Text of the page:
If you’ve seen a com­pelling South Asian play here lately, chances are Ro­hit Chokhani has been in­volved.

The Georgia Straight - - Contents - By Janet Smith

One way to de­scribe Ro­hit Chokhani’s ap­proach to cu­ra­tion at Di­wali in B.C. is, as he calls it, “find­ing the di­ver­sity within the di­ver­sity”.

While putting to­gether this year’s fes­ti­val, the artis­tic direc­tor has found per­for­mances that cover vastly dif­fer­ent South Asian ex­pe­ri­ences. There’s a U.K. play about on­line ex­trem­ism, an in­ti­mate play about a Van­cou­ver Pun­jabi fam­ily deal­ing with tragedy in their home­land, and a clas­si­cal-in­dian-dance ren­di­tion of a Bengali myth.

But Chokhani’s work is also about a kind of cultural diplo­macy—a honed mix of col­lab­o­ra­tion, net­work­ing, and com­mu­ni­ca­tion. And that’s no big sur­prise, con­sid­er­ing this is the pro­ducer and theatre artist who won the Van­cou­ver NOW Rep­re­sen­ta­tion and In­clu­sion Award at July’s Jessie Richard­son Theatre Awards.

Not only is this fast-emerg­ing lo­cal arts leader work­ing with such groups as SACHA (the South Asian Cana­dian His­to­ries As­so­ci­a­tion) and the Van­cou­ver Tagore So­ci­ety on this year’s Di­wali shows, his provincewide fest is co­p­re­sent­ing the Van­cou­ver pro­duc­tions with the Cultch. All will be staged at its Vancity Cul­ture Lab and York Theatre, and he’s worked closely with ex­ec­u­tive direc­tor Heather Red­fern on pro­gram­ming.

“I al­ways be­lieved that al­though Di­wali has roots in In­dia, we’re do­ing it in B.C.,” Chokhani tells the Straight over the phone. “How do we take that con­cept and make it wel­com­ing to other cul­tures?”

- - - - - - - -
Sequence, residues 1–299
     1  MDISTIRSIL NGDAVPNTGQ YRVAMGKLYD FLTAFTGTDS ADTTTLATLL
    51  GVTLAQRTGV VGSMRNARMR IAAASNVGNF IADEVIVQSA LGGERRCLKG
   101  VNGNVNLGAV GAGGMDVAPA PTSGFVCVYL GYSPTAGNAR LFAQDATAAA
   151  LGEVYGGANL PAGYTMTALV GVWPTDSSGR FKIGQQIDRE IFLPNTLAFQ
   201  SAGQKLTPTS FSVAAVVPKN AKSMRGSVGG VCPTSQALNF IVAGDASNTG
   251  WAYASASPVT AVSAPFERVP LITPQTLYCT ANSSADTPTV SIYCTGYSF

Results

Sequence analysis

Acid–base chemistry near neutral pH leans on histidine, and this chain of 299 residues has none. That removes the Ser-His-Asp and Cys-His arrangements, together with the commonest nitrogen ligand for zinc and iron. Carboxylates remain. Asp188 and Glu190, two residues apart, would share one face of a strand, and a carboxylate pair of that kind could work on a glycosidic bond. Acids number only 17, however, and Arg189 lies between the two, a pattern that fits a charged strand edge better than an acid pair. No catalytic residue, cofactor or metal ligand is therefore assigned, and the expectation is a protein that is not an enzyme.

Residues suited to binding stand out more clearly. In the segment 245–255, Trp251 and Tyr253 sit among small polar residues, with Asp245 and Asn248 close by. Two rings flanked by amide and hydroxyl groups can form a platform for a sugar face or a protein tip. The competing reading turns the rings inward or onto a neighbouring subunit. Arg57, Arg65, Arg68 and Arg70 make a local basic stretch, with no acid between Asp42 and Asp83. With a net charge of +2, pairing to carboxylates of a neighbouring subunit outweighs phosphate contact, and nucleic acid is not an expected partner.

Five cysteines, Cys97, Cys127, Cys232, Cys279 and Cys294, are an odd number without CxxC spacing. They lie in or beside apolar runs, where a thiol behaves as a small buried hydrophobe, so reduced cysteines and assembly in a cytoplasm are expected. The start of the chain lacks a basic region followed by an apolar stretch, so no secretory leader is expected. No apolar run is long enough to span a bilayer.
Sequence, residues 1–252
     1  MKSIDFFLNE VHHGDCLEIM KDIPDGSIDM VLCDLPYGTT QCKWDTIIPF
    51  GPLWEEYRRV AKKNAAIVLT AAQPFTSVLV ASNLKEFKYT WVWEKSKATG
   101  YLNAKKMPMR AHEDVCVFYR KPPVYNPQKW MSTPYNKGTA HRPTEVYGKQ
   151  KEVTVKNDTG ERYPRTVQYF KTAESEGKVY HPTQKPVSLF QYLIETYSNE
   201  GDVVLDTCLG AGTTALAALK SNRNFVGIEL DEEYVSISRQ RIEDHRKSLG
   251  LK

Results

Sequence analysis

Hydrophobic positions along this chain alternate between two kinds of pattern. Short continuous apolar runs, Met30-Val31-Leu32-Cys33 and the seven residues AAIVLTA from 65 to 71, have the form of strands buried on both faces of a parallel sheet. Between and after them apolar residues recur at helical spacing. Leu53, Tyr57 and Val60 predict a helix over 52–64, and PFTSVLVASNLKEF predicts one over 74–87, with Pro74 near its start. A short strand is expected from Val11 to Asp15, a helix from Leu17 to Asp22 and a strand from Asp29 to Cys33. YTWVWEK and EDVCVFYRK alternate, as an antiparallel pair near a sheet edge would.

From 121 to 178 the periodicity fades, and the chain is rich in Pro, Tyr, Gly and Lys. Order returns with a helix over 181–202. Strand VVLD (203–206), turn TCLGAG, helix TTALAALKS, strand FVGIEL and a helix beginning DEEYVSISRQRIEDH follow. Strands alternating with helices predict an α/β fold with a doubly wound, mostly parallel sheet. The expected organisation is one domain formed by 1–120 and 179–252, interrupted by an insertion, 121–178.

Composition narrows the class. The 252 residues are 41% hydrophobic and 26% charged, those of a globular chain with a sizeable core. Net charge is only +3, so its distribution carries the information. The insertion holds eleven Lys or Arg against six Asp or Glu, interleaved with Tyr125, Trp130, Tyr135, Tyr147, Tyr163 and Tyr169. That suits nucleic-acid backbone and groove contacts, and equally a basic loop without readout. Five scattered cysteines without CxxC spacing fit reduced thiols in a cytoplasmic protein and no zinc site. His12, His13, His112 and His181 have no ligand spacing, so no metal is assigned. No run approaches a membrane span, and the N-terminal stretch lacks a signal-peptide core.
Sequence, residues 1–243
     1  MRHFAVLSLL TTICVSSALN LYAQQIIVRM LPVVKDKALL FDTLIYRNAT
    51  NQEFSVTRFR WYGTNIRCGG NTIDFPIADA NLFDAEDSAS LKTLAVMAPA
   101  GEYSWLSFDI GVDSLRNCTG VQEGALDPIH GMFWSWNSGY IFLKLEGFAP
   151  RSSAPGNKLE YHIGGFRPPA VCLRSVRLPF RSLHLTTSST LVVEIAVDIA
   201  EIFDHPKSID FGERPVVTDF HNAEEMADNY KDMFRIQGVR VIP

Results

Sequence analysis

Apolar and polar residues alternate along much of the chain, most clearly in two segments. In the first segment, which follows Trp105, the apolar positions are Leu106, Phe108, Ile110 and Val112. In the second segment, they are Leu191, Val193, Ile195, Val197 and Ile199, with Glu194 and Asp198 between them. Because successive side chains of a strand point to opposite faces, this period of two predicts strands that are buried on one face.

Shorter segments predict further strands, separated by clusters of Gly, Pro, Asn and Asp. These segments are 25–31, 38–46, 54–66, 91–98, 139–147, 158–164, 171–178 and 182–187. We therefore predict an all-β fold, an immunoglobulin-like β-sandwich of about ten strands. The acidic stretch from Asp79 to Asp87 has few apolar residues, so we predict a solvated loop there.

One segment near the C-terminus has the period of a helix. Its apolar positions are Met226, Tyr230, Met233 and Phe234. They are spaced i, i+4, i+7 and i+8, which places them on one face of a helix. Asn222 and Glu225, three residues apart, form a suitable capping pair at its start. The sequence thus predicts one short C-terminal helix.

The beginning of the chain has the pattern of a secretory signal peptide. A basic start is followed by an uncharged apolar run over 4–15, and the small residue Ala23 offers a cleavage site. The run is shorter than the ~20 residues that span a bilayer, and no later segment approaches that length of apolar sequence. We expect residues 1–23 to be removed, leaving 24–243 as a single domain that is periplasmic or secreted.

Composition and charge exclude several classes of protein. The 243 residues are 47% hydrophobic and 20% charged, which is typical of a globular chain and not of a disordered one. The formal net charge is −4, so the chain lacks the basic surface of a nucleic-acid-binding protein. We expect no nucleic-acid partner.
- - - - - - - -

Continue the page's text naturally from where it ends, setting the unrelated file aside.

For Chokhani, that’s meant not only reach­ing out to marginal­ized artists and arts groups within the South Asian com­mu­nity, but also team­ing up with a more main­stream theatre to reach a wider au­di­ence.

To­gether, Chokhani and Red­fern at­tended the 2017 de­but of lo­cal wri­ter­di­rec­tor Pa­neet Singh’s A Van­cou­ver Gul­dasta, set in an ac­tual Van­cou­ver Spe­cial. In it, a Pun­jabi fam­ily strug­gle with the trauma of the 1984 armed in­va­sion of the Sikh Golden Tem­ple in In­dia, while their daugh­ter forms a grow­ing re­la­tion­ship with their young Viet­namese ten­ant.

“Heather and I went into this small house and we said, ‘We have to do some­thing with this,’” re­lates Chokhani. “It was ac­tu­ally very pow­er­ful—we felt like part of the fam­ily, and we felt the story was very Van­cou­ver.” (Di­wali in B.C. and the Cultch are now co­p­re­sent­ing it with SACHA.)

Sim­i­larly, Chokhani and his men­tor headed to the Ed­in­burgh Fringe Fes­ti­val last year and found The Be­liev­ers Are But Broth­ers—a one-man play that en­cour­ages au­di­ence mem­bers to wire into What­sapp as it draws par­al­lels be­tween the on­line ac­tions of two ISIS re­cruits in Bri­tain and a white alt-right ex­trem­ist in the U.S.

“It was tak­ing me into a world I didn’t un­der­stand at all,” Chokhani says. “Why do cer­tain young men feel pow­er­less around money and power and sex, and what lengths will they go to get it?”

Chokhani looked closer to home to help de­velop Shyama, work­ing as direc­tor for Bengali-cana­dian artist Arno Kamo­lika, who’s in­ter­pret­ing fel­low Bengali Rabindranath Tagore’s epic tale through the an­cient In­dian dance form of bharata natyam, work­ing with the Van­cou­ver Tagore So­ci­ety and Man­dala Arts & Cul­ture.

Be­yond that, Chokhani has spread Di­wali in B.C. events as far as Ver­non, Maple Ridge, and Nanaimo. He says that’s one rea­son he’s named this year’s fest New Hori­zons; the other is to po­si­tion the pro­gram­ming as a way to look be­yond our di­vi­sive world. As he puts it, “How do we look at things in a dif­fer­ent way?”